In investing, blue chips are the blue bloods of the market. They're old, rich, and have delivered extraordinary returns for decades on end. Think of firms such General Electric
Officially, C-T-R was incorporated in New York 95 years ago. Since then, it has produced punch cards, calculators, typewriters, war machines, and giant blue mainframe computers. Today, of course, we know C-T-R by a different acronym, IBM
Decline of the machines
IBM as we know it began in 1914, when Tom Watson Sr. left NCR
The next two decades under Watson's leadership would be just as profitable. So much so, Rothman writes, that IBM continued rolling out calculating machines during the Great Depression. By 1970, "Big Blue" would employ 270,000 workers.
But growth finally peaked in 1986, Rothman writes. Mainframe sales had stalled, and Microsoft
Big Blue back in green fields
Management would respond by hiring Lou Gerstner as CEO. Deep cost cuts ensued, followed by an emphasis on identifying and capitalizing on customer needs. Today, IBM has a services arm that does $40 billion in annual revenue -- and is increasingly challenging Accenture
Yet more work remains. IBM is in the midst of a transformation across all of its business lines, which includes everything from email software to disk drives to servers to consulting. According to a 2005 BusinessWeek cover story, CEO Samuel J. Palmisano, who built IBM's services team under Gerstner, envisions a firm capable of handling large-scale business functions.
Sound crazy? Well, researcher IDC says business process outsourcing, a $442 billion market in 2005, will grow to $641 billion by 2009. IBM should be able to take advantage; its global workforce of 340,000 includes both business experts and brilliant researchers. Plus, Big Blue is a global leader in patents -- it has earned more patents than any other American business for 13 years running -- and sports a well-funded venture capital arm. If there's any firm capable of bringing diverse resources to bear on a business problem, it's IBM.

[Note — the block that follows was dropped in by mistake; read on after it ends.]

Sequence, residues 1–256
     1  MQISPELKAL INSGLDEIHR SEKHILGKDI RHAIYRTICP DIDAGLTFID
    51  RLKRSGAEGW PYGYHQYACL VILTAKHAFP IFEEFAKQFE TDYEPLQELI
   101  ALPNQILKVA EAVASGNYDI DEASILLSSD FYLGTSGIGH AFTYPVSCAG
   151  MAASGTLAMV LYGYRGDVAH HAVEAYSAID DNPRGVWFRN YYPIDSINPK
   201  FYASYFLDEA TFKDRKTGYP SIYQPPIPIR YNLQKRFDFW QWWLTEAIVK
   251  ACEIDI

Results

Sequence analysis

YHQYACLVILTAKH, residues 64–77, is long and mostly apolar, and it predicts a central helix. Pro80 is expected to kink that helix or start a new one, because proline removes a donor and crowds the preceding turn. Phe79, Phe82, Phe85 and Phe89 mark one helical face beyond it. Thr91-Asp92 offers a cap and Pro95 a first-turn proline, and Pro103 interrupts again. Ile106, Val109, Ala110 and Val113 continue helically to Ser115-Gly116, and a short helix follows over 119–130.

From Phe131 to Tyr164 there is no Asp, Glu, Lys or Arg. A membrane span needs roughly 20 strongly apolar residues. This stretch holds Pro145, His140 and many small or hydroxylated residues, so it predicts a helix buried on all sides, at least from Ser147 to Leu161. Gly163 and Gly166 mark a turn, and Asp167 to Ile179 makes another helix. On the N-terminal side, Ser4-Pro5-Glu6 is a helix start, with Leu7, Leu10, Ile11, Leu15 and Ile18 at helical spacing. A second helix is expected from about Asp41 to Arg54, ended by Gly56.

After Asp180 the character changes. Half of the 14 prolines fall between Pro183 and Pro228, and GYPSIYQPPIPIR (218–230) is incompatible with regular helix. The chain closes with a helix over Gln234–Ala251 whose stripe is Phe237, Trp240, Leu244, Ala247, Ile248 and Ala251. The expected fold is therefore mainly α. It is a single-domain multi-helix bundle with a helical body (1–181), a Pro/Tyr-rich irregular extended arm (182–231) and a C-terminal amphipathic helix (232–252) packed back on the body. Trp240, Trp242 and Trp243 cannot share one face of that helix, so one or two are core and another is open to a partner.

Give your portfolio some color
Against this backdrop is a stock that appears to trade on the cheap. My rough discounted cash flow analysis suggests that IBM is worth at least $89 a stub. That assumes a 12% required rate of return and that Big Blue will manage only 5.3% growth for the next 10 years and 2% per year ad infinitum.
But that may be a conservative estimate. Consider: If IBM grows normalized earnings by 10.5% annually over the next five years, as analysts predict, net income will blossom to $8.24 a stub. Multiplying that by the services industry's average P/E of 19 equals $156 a share.
Surprised? Don't be. There are a number of blue chips on the market that look remarkably cheap at current prices. After all, large caps have been losing out to small caps for a number of years in a row now. But remember, these are the blue bloods of the market. And they're looking cheap. You'd be looking a gift horse in the mouth not to consider adding a few to your portfolio.
So if you're interested in some more blue-chip bargain ideas, let me suggest our second-annual blue-chip report, 10 Monster Stocks to Anchor Your Portfolio. It's loaded with 10 stock ideas that, thanks to a choppy market, are as cheap now as when we first debuted the report. Click here to get your copy.
Fool contributor Tim Beyers has owned two IBM PCs in the past. Today, he prefers his Mac. Tim didn't own shares in any of the companies mentioned in this story at the time of publication. You can find out what else is in his portfolio by checking Tim's Fool profile. Both Accenture and Microsoft are Motley Fool Inside Value selections. The Motley Fool has an ironclad disclosure policy.